MoMA Receives Donation of 102 Works by Latin American Artists, Will Establish Research Institute

by Maximilíano Durón / ARTnews / / In The News

ARTnews Top 200 collectors Patricia Phelps de Cisneros and Gustavo A. Cisneros announced today at a press briefing that they will donate 102 works by 37 Latin American artists to the Museum of Modern Art in New York. The donation also establishes a research institute dedicated to the further study of art made in Latin America.

The gifted works, which join another 40 pieces donated to the museum over the last 16 years by the couple, include paintings, sculptures, and works on paper made between the 1940s and 1990s, by artists working in Brazil, Venezuela, and the southeastern coastal region of Río de la Plata, which includes Argentina’s capital, Buenos Aires, and Uruguay’s, Montevideo.

“The breadth of this gift is unprecedented in the history of art from Latin America,” MoMA’s director, Glenn D. Lowry, said during the announcement. “This gift, a combination of the body of work and the establishment of the institute, will be transformative, changing the way the history of art and artists from Latin America is told in relationship to modernism.”

Among the artists represented in the gift are Lygia Clark, Carlos Cruz-Diez, Gego, Hélio Oiticica, Lygia Pape, and Jesús Rafael Soto. The focus of the gift is on geometric abstraction, a movement that the couple has collected for over 40 years. Phelps de Cisneros explained today that it “is the type of art we did see in public spaces” when she was growing up in Caracas in the 1950s.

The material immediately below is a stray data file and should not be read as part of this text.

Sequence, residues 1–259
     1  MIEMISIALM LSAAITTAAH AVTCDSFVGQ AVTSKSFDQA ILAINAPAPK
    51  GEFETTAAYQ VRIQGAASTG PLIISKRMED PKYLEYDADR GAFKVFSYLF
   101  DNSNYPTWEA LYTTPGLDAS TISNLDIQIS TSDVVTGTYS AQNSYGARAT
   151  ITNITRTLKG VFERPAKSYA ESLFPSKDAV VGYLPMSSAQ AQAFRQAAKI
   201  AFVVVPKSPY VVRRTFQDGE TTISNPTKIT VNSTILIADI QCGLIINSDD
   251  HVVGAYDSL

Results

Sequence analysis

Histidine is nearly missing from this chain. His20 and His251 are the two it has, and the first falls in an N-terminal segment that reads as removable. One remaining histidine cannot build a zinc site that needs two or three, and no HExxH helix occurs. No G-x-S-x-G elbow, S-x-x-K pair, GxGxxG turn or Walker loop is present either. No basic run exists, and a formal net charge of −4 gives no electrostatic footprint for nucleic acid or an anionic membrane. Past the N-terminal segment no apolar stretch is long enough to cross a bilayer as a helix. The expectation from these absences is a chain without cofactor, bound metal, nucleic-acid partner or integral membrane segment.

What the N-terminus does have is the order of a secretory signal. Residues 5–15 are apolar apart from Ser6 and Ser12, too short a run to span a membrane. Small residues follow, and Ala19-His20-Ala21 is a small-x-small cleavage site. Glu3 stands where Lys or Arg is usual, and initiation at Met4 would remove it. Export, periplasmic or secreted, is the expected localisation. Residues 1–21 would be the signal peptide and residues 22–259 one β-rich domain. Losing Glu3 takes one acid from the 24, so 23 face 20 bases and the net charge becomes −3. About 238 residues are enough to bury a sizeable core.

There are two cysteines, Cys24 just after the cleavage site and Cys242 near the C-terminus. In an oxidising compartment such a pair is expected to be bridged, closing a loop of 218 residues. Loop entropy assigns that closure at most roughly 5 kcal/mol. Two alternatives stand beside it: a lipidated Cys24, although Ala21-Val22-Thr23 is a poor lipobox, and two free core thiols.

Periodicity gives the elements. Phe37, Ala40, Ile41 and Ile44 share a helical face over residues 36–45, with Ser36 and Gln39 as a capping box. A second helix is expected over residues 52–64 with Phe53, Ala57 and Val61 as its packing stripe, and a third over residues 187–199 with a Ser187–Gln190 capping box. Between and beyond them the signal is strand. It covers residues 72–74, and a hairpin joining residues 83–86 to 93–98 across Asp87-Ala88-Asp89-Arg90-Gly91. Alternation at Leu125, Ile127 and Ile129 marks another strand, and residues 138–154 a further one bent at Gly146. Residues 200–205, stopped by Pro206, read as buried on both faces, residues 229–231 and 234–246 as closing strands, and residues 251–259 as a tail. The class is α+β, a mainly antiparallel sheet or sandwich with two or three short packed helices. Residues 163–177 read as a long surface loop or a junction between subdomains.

“This is not about our collection. It’s not about me—it is about the museum, but it’s mostly about the artists. I truly believe that all of these artists have been under-recognized and need the recognition and can easily fit into the canon of art history,” said Phelps de Cisneros, who has been a trustee of MoMA since 1992 and is the founder and chair of the museum’s Latin American Caribbean Fund committee. She also noted that it was Lowry’s insistence on making the museum’s holding and curatorial efforts more international when he became director in 1995 that spurred her collecting to ensure that these artists would become part of the museum’s permanent collection.

The institute, to be called the Patricia Phelps de Cisneros Research Institute for the Study of Art from Latin America and hosted at MoMA’s West 53rd Street campus, “is poised to become the preeminent research center in the field,” Lowry said. “It will offer opportunities for curatorial research, host visiting scholars and artists, convene an annual conference, and produce scholarly research on art in Latin America.”

During the announcement, Lowry and Phelps de Cisneros, who joined the director on stage for a brief discussion of the donation and their collecting practices, both discussed the museum’s history of supporting art from Latin America since its founding, including founding director Alfred H. Barr, Jr.’s decision to give the museum’s second solo exhibition to Mexican muralist Diego Rivera.

Lowry also said that an exhibition, with an accompanying catalogue, drawn from the donation will be put on display in the near future once the museum’s expansion into the former American Folk Art Museum building next door. For the moment, the donation, which Lowry called “a dream come true” for the museum, is fully accessible on the museum’s website.